In my office park during my lunch break I tend to walk aimlessly around the parking lot and grassy open space just to get a little vitamin D (sunshine) in the middle of the day. There are many trees, large buildings, cars, bushes and other interesting obstacles that allow me to practice echolocation. This gives me an opportunity to walk places that I am not familiar with and practice different types of clicks, different volumes, different head postures, etc. I generally sight a target in the distance and then navigate my way to it.
I've had good success with the large buildings. I can see when they start and stop as I walk beside them, and I can judge their distance up to about 30-40 feet away. Further than that I can tell there might be a building there, but probably wouldn't be able to accurately judge the distance.
Trees are good targets, I generally attempt to make a tree my target from 40-50 yards away and locate it. Of course since trees are round, the response signal that will be reflected back to you will appear narrower than the actual tree. This is because a lot of the signal sound that strikes the tree near the sides, just glances off of it and does not properly return to your ears. The signal sound hitting the centerline of the tree will be reflected back to your ears nicely and it will taper off as it approaches the sides. For this reason I like to choose large trees as they will have the best response. Another good reason to choose a tree as a target is that since they are round, they look the same from all angles, as opposed to a car, or building. So it is possible to walk up to a tree and circle around it using echolocation. Circling an object is a good way to verify that you are well aware of the size, shape and location of an object without taking off your blindfold, opening your eyes, or using your cane (whichever your case may be).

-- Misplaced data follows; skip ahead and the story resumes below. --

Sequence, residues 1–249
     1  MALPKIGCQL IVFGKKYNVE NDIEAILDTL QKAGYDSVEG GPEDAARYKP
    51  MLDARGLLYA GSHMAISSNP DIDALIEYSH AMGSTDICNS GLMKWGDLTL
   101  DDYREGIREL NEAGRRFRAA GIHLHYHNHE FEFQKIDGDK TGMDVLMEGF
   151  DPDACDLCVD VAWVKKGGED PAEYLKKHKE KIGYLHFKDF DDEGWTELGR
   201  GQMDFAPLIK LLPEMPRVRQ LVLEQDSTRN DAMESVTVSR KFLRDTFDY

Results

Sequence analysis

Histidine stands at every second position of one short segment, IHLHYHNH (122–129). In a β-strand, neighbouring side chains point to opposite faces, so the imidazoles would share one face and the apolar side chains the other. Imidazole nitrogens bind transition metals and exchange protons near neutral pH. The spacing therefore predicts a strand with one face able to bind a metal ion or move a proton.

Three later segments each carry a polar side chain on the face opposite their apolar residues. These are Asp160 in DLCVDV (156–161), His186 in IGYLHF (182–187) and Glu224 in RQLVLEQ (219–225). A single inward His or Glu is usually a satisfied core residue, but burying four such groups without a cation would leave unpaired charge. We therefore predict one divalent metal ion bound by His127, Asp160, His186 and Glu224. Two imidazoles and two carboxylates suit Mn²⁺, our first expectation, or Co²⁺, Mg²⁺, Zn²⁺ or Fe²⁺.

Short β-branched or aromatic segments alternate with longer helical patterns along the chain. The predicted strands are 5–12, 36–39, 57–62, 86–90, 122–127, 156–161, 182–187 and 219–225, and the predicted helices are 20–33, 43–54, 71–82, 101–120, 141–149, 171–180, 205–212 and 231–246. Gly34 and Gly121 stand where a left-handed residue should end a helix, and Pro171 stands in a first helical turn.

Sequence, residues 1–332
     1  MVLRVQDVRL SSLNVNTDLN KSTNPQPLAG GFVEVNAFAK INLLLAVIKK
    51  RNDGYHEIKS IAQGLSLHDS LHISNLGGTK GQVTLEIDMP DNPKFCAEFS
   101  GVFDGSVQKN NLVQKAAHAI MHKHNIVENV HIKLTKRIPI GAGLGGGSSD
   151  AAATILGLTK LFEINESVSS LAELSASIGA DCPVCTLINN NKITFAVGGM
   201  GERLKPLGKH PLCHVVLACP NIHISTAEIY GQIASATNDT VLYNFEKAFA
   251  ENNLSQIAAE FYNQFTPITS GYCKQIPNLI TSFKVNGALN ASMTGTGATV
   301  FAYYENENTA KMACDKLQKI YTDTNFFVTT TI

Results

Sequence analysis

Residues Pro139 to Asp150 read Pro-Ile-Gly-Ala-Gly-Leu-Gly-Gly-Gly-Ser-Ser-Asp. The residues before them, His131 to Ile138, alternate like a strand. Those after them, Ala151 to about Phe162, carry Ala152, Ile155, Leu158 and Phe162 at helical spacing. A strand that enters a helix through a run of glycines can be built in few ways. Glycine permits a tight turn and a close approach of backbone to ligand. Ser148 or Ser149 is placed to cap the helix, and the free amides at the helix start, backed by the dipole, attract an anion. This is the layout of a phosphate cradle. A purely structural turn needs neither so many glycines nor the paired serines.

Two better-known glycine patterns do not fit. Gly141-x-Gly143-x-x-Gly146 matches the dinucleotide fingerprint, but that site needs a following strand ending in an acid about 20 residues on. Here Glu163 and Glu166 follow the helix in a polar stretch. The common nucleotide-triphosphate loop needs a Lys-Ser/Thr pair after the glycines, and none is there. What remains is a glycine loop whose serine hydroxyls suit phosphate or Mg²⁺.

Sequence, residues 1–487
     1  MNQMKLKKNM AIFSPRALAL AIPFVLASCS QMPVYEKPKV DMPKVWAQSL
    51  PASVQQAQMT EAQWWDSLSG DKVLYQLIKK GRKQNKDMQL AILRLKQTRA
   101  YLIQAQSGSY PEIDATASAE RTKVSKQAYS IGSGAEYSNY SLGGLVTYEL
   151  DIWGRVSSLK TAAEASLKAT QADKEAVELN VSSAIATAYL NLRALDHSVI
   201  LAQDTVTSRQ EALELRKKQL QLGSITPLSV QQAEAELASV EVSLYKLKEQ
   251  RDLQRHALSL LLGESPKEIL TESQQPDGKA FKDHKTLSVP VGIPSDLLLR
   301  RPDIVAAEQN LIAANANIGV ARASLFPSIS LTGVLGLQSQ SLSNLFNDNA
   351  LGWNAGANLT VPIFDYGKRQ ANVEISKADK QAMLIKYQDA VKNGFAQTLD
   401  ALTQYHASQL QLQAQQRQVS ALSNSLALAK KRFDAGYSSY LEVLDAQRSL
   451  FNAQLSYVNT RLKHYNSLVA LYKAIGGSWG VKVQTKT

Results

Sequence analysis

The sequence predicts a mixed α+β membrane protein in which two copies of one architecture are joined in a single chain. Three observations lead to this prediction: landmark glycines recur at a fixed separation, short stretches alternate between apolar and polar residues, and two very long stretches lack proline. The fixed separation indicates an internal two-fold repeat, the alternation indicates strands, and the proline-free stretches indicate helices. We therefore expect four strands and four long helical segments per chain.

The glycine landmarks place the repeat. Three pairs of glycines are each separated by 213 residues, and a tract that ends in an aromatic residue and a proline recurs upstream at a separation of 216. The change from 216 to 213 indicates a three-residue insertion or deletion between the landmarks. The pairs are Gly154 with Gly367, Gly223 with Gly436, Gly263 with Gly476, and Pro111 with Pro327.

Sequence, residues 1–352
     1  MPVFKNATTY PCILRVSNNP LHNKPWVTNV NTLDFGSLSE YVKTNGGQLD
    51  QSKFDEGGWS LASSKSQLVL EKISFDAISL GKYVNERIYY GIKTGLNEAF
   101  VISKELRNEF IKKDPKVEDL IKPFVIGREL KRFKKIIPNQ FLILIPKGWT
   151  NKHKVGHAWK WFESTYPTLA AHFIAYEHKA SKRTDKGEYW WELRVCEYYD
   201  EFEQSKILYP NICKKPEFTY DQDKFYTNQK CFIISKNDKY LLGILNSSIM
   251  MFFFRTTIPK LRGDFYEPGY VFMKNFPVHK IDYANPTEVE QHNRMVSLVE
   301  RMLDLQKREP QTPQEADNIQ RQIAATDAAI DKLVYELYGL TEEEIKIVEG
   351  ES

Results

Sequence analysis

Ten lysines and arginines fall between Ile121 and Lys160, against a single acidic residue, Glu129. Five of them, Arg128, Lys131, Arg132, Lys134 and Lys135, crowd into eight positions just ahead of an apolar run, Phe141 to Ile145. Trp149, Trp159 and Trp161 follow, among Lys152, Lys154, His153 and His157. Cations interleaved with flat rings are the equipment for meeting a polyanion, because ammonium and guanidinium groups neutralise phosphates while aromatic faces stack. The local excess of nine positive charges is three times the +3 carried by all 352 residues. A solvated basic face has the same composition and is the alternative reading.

Undoubtedly, you have some sort of outdoor environment that you can use to train echolocation. I would encourage you to simply explore at your own pace. Make mistakes, but be sure to stay just within your comfort zone, only straying for your comfort zone when you know you are in a safe environment and when you have calculated all of the potential misfortune that environment can present. Find targets, find routes, explore new sounds, new techniques, use some of the intermediate lessons and suggestions on this blog if you want to, but most importantly keep an open mind and OBSERVE! It's not imperative that you walk away from each session with something concrete that you have learned, but it is important to enjoy the learning process. The skill will come with time if you allow it to.